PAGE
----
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What Our Children Should Be Taught In School

14/08/2014 16:58 | Updated 20 May 2015

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When I left school I had a handful of GCSEs and three A-Levels in English, Media Studies and Biology. Only one of these I use on a regular basis, and that's because it's the language I speak. The closest I get to Media Studies is browsing Netflix, and I tap into the dregs of my biological knowledge...well, never.

Statistically, because I have higher education qualifications, I am classed as possessing a certain level of intelligence. However, in managing day-to-day life, I'm completely and utterly thick. I wouldn't know what to do if a fuse blew in my house. I have a toolbox which contains a couple of screwdrivers and a few old nails, and if I ever attempt DIY the rest of my family literally has to leave the house for fear of injury. The argument over who should be teaching these things is neither here nor there, but the fact of the matter is I was never taught any of these skills in school. What use is an A-Level in biology when my car grinds to a shuddering, smokey halt at the side of the road?

And so, here are - in my opinion - five things which should be taught in schools up and down the country as a matter of course...

Conflict Resolution

Every day we will have discussions with friends, family, strangers and colleagues, and in some of those discussions there will be differences of opinion. Sometimes they are over and done with in minutes, but other arguments can rumble on for weeks, sometimes longer, causing both sides immeasurable grief and stress.

So why not teach our children how to engage in rational, respectful conflict resolution when disagreements inevitably arise? You would eliminate the majority of screaming and shouting, replacing it with skills such as reason, persuasion and compromise. As well as helping during their working lives, understanding that arguments can be resolved without doors being slammed and voices raised is vital for our children to understand.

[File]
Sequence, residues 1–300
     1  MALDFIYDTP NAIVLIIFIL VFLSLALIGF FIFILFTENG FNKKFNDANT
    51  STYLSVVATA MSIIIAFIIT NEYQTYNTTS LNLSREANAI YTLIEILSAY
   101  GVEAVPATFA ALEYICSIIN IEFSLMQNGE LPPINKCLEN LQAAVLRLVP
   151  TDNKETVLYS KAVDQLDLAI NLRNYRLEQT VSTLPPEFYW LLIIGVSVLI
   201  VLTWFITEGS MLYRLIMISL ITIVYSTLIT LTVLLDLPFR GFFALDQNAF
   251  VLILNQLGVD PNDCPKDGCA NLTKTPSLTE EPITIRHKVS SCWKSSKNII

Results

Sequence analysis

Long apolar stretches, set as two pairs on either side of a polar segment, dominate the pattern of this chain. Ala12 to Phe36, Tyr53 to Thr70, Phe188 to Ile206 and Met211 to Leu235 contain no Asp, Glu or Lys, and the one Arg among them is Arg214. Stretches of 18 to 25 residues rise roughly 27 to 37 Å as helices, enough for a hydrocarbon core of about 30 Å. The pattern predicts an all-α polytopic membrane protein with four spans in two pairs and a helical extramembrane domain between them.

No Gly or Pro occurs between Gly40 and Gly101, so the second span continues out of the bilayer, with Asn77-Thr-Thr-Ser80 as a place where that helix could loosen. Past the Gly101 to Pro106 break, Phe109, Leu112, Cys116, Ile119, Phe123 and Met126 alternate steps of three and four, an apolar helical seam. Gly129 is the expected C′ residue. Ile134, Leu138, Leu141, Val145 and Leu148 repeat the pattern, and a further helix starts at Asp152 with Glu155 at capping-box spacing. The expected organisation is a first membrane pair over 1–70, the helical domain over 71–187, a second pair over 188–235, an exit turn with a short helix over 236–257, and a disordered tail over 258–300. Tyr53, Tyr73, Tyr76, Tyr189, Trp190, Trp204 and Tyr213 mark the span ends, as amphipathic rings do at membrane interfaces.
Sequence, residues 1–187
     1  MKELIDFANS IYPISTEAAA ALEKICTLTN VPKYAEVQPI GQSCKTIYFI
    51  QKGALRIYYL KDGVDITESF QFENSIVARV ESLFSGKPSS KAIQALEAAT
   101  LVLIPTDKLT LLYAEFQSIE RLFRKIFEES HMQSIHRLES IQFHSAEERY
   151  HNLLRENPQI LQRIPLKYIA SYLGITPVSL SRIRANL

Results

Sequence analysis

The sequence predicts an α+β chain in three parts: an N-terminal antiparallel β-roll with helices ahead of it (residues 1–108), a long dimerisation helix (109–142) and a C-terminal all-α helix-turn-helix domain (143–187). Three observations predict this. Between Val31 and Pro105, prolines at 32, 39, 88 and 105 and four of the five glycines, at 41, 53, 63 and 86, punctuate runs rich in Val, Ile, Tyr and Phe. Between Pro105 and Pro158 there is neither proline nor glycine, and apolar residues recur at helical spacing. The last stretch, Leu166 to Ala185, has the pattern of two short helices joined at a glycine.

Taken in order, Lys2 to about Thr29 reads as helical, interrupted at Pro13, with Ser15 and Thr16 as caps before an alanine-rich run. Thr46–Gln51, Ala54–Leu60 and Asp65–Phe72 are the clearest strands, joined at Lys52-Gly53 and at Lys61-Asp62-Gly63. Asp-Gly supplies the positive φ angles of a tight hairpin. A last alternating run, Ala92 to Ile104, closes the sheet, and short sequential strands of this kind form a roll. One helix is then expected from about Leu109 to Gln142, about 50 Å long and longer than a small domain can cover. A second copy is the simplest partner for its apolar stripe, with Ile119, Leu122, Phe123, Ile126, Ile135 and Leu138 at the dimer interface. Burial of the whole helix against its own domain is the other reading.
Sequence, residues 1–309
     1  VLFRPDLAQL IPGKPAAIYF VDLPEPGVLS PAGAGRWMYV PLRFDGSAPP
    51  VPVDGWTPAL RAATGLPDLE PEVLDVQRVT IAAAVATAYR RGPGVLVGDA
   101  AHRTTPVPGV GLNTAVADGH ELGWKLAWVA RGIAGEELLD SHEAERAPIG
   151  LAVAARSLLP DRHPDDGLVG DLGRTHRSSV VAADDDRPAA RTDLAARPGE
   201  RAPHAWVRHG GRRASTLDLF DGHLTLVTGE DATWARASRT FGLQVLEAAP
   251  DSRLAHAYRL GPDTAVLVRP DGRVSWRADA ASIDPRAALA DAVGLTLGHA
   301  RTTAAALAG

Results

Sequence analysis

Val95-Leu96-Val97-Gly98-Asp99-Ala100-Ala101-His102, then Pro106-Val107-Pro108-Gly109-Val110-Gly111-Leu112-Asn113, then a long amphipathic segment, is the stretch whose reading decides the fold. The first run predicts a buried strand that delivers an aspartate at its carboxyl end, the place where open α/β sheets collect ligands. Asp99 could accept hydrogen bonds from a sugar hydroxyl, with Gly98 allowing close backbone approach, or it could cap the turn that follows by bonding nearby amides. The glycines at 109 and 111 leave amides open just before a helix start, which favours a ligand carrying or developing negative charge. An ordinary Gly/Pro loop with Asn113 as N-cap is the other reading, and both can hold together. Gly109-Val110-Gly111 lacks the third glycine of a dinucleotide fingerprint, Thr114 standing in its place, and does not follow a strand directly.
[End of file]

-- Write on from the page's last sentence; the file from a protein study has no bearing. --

Personal Finance Management

You don't need me to remind you about the recession of the last few years, caused - in part, at least - by people borrowing more than they can afford to repay and taking out loans without fully understanding the implications. Terms such as APR, interest, inflation and so on baffle many of us, which can have risky consequences.

If our children were taught how to responsibly manage their finances and understand basic accounting terms, then we would breed a generation of adults who knew how to live within their means - and possibly avoid another global financial crisis.

Basic DIY

I've already touched on this, so will avoid labouring the point: but knowing how to change a fuse, re-wire a socket or repair a broken pipe would be handy skills for our children. In addition, the basic mechanical workings of a car should be taught, so that on the odd occasion that a tyre does burst or a radiator overheats then the driver would know how to change the wheel or...do whatever you do when a radiator overheats. (See? Case in point.)

Balanced Diet

Our children are taught all about the different food groups, what's healthy, and what isn't. However, what they are not told is the importance of a balanced diet; instead, they have it drummed into them how greens are good, fruit is good, and everything else is bad. The reality is that the occasional fast food or calorie-laden pizza is not the end of the world. Children should be taught the importance of eating everything in moderation, and - just as importantly - combining it with regular exercise. And enough of this 'everyone's a winner' nonsense: healthy competition is good, and learning how to take the disappointment of losing as well as to be humble when winning is just as important as the exercise itself.

Gardening

With the cost of fruit and vegetables increasing rapidly, why not teach our children how to be self-sufficient and grow their own greens? Knowing which time of year to plant vegetables and how to cultivate them will encourage healthy eating and save our children valuable cash, which they can then spend on something they love; as long as they spend responsibly, of course. It's a good job they're taught personal finance management in schools, isn't it...?

What else would you add?

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